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MSHA Completes Two Fatality Investigations

The U.S. Department of Labor’s Mine Safety and Health Administration (MSHA) completed two investigations related to fatalities that occurred in September.

On Sept. 16, 2013, David A. Gully, truck driver, 58, was killed after the haul truck he was operating went over a highwall. Gully was operating the haul truck on the haul road out of the pit to the primary crusher. He was employed by Huntsville Quarry, a surface limestone operation, owned and operated by Con-Agg of MO, LLC located near Huntsville, Mo.

On the day of the accident, Gully was taking his fourteenth load of broken rock to the primary crusher. While traveling out of the pit, Gully maneuvered his truck through a 90-degree left turn at the top of incline #2 and started up incline #1. The truck then crossed the haul road from right to left, traveled through the berm on the left edge of the roadway, and went over the highwall. The truck traveled down the face of the highwall and flipped before coming to rest on bench #2. Gully was not wearing the seat belt provided in the haul truck and was ejected from the cab.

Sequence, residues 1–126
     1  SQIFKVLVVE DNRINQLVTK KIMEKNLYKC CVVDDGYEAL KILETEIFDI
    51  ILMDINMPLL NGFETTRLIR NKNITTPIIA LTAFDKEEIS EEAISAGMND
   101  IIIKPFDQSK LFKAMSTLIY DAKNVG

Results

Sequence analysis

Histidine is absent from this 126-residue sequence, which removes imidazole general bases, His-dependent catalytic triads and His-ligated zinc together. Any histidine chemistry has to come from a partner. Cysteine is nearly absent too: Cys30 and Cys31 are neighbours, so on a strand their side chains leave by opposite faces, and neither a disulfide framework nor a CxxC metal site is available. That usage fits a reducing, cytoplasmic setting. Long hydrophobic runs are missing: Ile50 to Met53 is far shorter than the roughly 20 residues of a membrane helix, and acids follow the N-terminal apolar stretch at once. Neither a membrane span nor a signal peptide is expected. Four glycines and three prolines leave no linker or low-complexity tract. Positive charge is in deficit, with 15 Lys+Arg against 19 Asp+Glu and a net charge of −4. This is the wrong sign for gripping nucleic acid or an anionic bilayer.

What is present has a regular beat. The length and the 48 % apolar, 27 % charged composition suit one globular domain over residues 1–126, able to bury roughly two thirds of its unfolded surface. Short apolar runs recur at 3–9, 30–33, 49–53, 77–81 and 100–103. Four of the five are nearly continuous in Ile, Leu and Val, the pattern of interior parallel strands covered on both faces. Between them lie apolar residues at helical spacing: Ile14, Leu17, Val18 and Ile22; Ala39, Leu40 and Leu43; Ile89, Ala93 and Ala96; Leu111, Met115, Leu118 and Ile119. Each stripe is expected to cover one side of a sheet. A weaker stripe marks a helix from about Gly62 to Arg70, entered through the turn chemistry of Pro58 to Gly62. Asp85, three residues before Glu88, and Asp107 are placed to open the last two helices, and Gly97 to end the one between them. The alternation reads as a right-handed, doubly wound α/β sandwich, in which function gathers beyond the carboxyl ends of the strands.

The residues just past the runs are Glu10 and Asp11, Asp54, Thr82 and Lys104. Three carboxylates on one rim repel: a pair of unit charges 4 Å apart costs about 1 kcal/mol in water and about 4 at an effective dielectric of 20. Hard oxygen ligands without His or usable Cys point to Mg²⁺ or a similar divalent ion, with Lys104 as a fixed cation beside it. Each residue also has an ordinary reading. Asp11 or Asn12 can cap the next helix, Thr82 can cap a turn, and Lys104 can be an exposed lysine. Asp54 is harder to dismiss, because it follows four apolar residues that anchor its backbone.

According to MSHA, the accident occurred due to management’s failure to install and maintain sufficient berms along the edge of the haul road. MSHA said Gully did not maintain control of the truck and the truck traveled through the berm. Additionally, he was not wearing a seat belt and was ejected from the haul truck, which contributed to the severity of his injuries.

On Sept. 18, 2013, Lonnie Ferrill, front-end loader operator, 56, was killed when he was engulfed by material in a pug mill hopper. He worked at the Caldwell Quarry, owned and operated by Gaddie-Shamrock LLC, Clinton County, Ky.

On the day of the accident, Ferrill began his shift about 5:15 a.m. Ferrill started all the mobile equipment planned to be operated for the shift. After that, he went to the office break room and talked with Danny Abston, foreman.

At 6:00 a.m., Ferrill began loading crushed rock from a stockpile into the hopper using a front-end loader. Ferrill continued to load material into the hopper until about 1:00 p.m., when he got off the front-end loader and entered the hopper where he was buried by stone.

According to MSHA, the accident occurred due to management’s failure to establish policies and procedures for safely clearing a hopper. The hopper’s discharge operating controls were not deenergized and locked out before Ferrill worked on or near equipment and he did not wear a safety harness and lanyard, which was securely anchored and tended by another person, prior to entering the hopper.

The hopper did not have a heavy screen (grizzly) installed to control the size of material and prevent clogging. Additionally, the hopper was not equipped with any mechanical devices or other effective means of handling material so persons can work where they are not exposed to entrapment by sliding material. Ferrill was not task trained to recognize all potential hazardous conditions and to understand safe job procedures to eliminate all of the hazards before he began work on the hopper.